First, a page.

The funky physicist: Hugh Le Caine and the Electronic Sackbut Synthesizer

Laura Brown
31 May 2014

Above: The Electronic Sackbut Synthesizer at the Canada Science and Technology Museum (Wikimedia Commons/David Carroll)

Electronically synthesized music is everywhere these days. You can hear it in a pop tunes by Katy Perry, in a Tiesto remix of "All of Me" by John Legend, in the rap riffs of DJ Snake and Lil Jon, or in dance remixes of dubstep.

Did You Know? The original sackbut was a 15th century musical instrument. It was an early version of the trombone and used a slide mechanism to change pitch, providing a lower range of sounds than a trumpet.Did you know there’s a strong Canadian connection to all that electronic music you love to groove to? Hugh Le Caine (1914-1977) was a Canadian National Research Council (NRC) atomic physicist whose passion for the physics of sound and music led him to build the first voltage-controlled sound synthesizer between 1945 and 1948. He called it the Electronic Sackbut Synthesizer.

A synthesizer is an electronic device that reproduces sound. Sound synthesizers can produce familiar, natural sounds like the trill of a bird, the drip of water in a pan, or the sounds of acoustic musical instruments, such as a piano, violin or flute. Synthesizers can also create some very unique, original sounds that have no natural equivalent.

Le Caine was interested in making an electronic musical instrument that could be played in real time by a real person. The performer would be able to control the sounds produced by the synthesizer using directional pressures that changed the background voltage and, as a result, the sound characteristics.

The Electronic Sackbut could only produce one note at a time, but the performer could control that sound in many ways. For example, the operator could change sounds by applying different pressures to the piano-style keys and by pushing or pulling them in different directions. Using the right hand, the amount force used to press down on the keys determined the volume (loudness) and side-to-side movement of the keys changed the pitch (frequency of vibrations). Performers could even create a vibrato (a pulsating change in pitch) by shaking or wiggling a key with their finger.

The Hugh LeCaine project

You can listen to samples of musical compositions created by Hugh Le Caine and played on the electronic sackbut on the Hugh Le Caine Project website:

Pressure-sensitive finger-pad controls operated by the left hand made it possible to change different aspects of the sound waveform, or the shape of the sound wave over time. This altered the timbre of the sound, the characteristic that makes one sound distinct from another, even at the same volume and pitch. Timbre is what makes it possible to distinguish the sound of a flute from the sound of a piano or the sound produced by a human voice.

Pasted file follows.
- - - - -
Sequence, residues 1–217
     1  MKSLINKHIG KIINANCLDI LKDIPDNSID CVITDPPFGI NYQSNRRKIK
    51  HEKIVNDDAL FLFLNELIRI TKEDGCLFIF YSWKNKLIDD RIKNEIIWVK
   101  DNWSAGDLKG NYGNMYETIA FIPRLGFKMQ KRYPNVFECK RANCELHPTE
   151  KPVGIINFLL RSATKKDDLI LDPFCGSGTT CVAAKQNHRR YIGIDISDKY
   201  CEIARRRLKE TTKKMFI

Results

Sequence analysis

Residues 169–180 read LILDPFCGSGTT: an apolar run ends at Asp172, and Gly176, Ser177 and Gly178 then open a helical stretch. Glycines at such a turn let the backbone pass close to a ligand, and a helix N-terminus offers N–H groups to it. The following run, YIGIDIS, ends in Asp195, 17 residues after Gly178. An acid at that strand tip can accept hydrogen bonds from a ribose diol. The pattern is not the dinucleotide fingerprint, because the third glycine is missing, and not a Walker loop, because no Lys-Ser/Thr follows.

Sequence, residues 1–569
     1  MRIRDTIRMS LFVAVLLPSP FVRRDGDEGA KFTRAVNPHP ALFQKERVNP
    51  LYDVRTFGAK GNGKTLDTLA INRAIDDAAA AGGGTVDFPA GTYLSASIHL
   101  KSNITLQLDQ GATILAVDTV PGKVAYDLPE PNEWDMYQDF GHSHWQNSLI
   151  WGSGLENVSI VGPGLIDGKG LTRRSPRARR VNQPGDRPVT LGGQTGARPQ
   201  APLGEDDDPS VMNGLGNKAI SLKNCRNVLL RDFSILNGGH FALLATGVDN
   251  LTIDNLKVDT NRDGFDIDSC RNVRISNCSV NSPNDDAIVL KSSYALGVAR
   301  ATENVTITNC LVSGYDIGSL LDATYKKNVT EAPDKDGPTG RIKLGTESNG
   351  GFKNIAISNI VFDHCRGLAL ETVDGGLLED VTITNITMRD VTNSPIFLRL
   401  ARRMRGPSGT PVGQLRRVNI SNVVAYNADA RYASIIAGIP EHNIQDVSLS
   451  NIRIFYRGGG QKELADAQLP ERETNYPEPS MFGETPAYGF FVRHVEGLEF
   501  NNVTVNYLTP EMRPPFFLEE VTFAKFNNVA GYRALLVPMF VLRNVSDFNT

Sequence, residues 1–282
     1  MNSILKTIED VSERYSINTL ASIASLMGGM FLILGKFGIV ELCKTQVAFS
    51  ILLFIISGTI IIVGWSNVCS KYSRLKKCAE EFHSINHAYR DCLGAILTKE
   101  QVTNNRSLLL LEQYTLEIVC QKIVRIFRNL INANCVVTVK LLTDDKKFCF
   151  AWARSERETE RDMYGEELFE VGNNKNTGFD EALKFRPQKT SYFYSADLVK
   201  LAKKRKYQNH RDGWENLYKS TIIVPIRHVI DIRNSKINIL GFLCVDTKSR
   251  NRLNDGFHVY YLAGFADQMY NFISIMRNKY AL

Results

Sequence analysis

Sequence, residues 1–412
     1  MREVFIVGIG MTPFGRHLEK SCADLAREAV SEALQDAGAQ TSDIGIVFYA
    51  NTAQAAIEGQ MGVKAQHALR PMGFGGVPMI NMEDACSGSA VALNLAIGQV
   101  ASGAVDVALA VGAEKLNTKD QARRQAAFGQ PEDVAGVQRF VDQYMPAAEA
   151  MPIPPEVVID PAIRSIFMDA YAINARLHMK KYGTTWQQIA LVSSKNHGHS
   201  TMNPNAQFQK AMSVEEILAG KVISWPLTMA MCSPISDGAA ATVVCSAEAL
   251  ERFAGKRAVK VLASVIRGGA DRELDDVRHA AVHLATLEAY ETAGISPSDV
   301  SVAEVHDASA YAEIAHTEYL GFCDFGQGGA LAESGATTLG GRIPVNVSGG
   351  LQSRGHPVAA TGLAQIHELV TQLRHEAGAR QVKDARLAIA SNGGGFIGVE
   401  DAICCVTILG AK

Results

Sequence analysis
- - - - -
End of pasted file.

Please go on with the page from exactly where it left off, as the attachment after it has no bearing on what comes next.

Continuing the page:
Le Caine gave a number of public performances with his original sackbut synthesizer to demonstrate the sounds and music it could create. These shows were so successful and generated so much interest that in 1954 the NRC gave him a dedicated lab space to pursue his sound technology research on a fulltime basis. Between 1969 and 1971, Le Caine refined the pressure-sensitive devices that controlled timbre on the sackbut synthesizer. In 1971, he he made a prototype of a commercial sackbut synthesizer using modern design techniques, but it was never mass-produced or sold to the public.

Did You Know? “Dripsody”, Hugh Le Caine’s most famous composition, was produced by electronically manipulating and multiplying the sound made by a single drop of water.Although Le Caine’s synthesizer never became a commercial success, many of the other sound technology products he developed were put to use in music labs at different Canadian universities during the 1960s and early 1970s. He personally helped to establish the very first electronic music labs at the University of Toronto (1959) and McGill University (1964), where he also taught and influenced new composers of electroacoustic music. These labs were almost entirely equipped with the sound technology produced by Le Caine’s lab at the NRC.

Before his retirement in 1974, Le Caine developed over 20 different sound technology innovations, including new instruments, the touch-sensitive keyboard, and the variable speed multi-track tape recorder. In many ways, his innovations were ahead of their time and some features didn’t find their way into commercial products until the late 1980s.

The next time you find yourself boppin’ or groovin’ to some funky electronic embellishments in your favourite music, remember the electronic sackbut and Hugh Le Caine’s contribution to these now-familiar sounds!


Early Synthesizers, Keyboard and Performance Instruments: The Electronic Sackbut (Canada Science and Technology Museum) Electronic sackbut (Gayle Young, Electronic Sackbut Synthesizer (Canada Museum of Science and Technology, YouTube) Hugh LeCain Biography (Gayle Young, Sackbut (Encyclopaedia Britannica) Scientists & Innovations: A New Era in Electronic Music (National Research Council of Canada) Vanilla Ice Remembers The Electronic Sackbut (Strombo, YouTube)

Laura Brown

Laura is an Education Specialist with Let’s Talk Science. With a background in agricultural sciences and visual arts, she is interested in most everything, from pigs to Picasso! She developed her love of science and technology from her parents and teachers.

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